No hero should be homeless: tackling our community's homeless veteran problem

No hero should be homeless: Could shipping containers help solve our community's homeless veteran problem? 7/4/2016 (Kelsey Thomas/KSNV)

Being home for the holidays is the American ideal.

But hundreds of Clark County veterans who defended our nation's freedom have no place to call home on this 4th of July.

Arnold Stalk dedicates his life to the community's homeless veterans problem.

"There's a whole society that's a silent problem. You don't visually see a lot of it," said Stalk, founder of Veterans Village.

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Five years ago, he turned an old, run-down motel into a place struggling veterans could call home.

Nestled between the pawn shops and restaurants on Las Vegas Blvd, just south of downtown, you will find Veterans Village.

Stalk says the housing complex is changing lives. It's a success story he is hoping to duplicate.

There are all types of veterans walking outside their rooms.

"I'm 76. Haha. 76!" said Ingram Decoud.

He may be pushing 80, but Decoud doesn't feel or act his age.

"I feel like I'm on cloud 10 sometimes. I don't even look at my age. Age has no limit," Decoud said.

The spunky and social Navy Veteran is one of 150 vets living at Veterans Village.

"Someone that's given their lives for our country. To have them live on the streets is unthinkable to me," explained Stalk.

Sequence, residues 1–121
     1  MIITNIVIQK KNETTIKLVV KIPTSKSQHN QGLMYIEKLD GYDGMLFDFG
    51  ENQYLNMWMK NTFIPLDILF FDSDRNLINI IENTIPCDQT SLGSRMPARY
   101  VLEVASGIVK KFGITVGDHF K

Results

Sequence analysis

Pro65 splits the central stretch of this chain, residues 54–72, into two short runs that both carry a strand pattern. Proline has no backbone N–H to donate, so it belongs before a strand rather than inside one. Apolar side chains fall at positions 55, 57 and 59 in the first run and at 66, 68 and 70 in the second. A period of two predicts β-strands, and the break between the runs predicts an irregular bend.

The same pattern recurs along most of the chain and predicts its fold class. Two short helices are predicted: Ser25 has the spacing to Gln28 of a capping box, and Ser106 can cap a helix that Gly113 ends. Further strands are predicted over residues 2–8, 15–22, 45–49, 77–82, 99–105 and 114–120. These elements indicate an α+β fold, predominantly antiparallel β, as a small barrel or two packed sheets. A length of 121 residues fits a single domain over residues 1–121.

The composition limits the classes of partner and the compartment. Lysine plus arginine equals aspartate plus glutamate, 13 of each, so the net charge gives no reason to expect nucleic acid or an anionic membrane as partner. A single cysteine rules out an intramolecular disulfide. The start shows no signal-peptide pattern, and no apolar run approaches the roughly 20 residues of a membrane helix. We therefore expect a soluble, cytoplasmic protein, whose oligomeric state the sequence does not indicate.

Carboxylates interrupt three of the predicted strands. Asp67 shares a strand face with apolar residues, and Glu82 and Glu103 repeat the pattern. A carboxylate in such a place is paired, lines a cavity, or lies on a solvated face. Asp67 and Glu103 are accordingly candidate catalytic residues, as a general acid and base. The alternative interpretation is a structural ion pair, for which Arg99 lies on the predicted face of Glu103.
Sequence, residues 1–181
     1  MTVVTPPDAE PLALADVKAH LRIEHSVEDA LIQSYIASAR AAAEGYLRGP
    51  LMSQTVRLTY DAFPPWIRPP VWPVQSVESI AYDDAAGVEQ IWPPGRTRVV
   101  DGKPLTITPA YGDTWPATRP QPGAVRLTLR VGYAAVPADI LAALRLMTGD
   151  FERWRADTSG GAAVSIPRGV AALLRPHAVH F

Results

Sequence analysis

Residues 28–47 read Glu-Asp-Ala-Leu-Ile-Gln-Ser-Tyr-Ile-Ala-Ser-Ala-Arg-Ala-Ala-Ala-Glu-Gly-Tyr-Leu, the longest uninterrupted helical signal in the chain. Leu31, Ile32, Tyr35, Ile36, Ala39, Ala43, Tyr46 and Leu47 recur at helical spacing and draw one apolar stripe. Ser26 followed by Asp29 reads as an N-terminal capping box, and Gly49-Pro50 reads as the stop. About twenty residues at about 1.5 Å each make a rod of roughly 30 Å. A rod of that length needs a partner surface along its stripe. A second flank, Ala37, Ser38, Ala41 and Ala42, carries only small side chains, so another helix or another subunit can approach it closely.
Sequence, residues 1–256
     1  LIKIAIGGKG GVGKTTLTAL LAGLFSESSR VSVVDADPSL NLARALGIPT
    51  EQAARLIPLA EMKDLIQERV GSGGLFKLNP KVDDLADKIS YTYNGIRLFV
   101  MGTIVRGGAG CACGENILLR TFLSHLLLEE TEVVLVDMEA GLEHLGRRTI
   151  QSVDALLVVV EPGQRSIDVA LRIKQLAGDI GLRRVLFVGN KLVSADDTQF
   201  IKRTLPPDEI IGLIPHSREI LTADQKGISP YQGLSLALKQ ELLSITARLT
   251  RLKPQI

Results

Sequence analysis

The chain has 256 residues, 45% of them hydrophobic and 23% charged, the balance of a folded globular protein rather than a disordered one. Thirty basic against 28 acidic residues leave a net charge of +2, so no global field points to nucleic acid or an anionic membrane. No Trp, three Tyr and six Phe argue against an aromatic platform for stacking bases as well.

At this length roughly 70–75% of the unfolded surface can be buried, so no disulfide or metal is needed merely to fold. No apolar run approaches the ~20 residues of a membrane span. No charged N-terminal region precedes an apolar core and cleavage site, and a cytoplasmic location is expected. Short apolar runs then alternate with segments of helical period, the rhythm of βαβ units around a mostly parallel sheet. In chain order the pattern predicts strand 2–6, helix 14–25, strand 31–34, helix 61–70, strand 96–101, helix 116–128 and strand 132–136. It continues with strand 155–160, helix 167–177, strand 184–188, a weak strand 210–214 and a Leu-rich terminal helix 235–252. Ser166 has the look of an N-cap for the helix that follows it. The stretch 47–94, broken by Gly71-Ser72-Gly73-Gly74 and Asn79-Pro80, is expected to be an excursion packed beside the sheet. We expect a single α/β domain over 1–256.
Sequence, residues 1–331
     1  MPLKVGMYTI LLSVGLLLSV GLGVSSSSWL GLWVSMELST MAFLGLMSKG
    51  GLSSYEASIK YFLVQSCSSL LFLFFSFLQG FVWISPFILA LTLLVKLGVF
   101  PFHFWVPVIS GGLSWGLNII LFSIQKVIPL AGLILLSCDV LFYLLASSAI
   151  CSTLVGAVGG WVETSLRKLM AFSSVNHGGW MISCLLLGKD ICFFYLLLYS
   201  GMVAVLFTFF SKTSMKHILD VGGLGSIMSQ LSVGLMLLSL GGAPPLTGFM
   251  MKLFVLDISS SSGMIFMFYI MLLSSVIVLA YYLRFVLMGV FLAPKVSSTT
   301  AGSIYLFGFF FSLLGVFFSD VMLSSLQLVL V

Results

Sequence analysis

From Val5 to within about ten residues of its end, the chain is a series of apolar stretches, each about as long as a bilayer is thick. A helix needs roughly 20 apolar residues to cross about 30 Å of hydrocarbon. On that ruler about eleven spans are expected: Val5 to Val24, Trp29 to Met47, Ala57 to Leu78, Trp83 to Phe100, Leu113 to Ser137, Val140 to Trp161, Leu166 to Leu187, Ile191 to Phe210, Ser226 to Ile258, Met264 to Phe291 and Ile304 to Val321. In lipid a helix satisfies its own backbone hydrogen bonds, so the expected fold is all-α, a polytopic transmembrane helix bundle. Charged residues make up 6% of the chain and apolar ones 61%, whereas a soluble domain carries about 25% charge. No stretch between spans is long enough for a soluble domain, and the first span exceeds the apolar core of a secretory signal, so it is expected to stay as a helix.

Stalk provides hope and housing to homeless veterans. He does it in honor of his late father.

"My dad was a United States veteran and I promised him before he died I would do this and I can't stand to see our veterans treated bad," Stalk said.

The Veterans Village founder will soon replicate his success, just two miles down the road.

You could call it Veterans Village Part 2.

To say Stalk is proud would be an understatement.

"They all have their own kitchen, their own bath, their own living area," Stalk explained.

But Stalk isn't stopping there. He has a vision.

"We have to be thinking outside of the box," he continued.

Stalk plans on turning old shipping containers into housing units. They're economical and easy to build.

"It's a great alternative to somebody sleeping on the streets," said Stalk.

Just ask Decoud. In his eyes, no hero should be homeless.

"You can't do it on your own. You gotta have help," Decoud told News 3.

Veterans Village is made possible thanks to donations from the community.

Everything on the property has been donated, from the sheets on the beds to the shipping containers.

Stalk says it takes 20 dollars a day to house one homeless veteran.

To help, go to the Veterans Village website.

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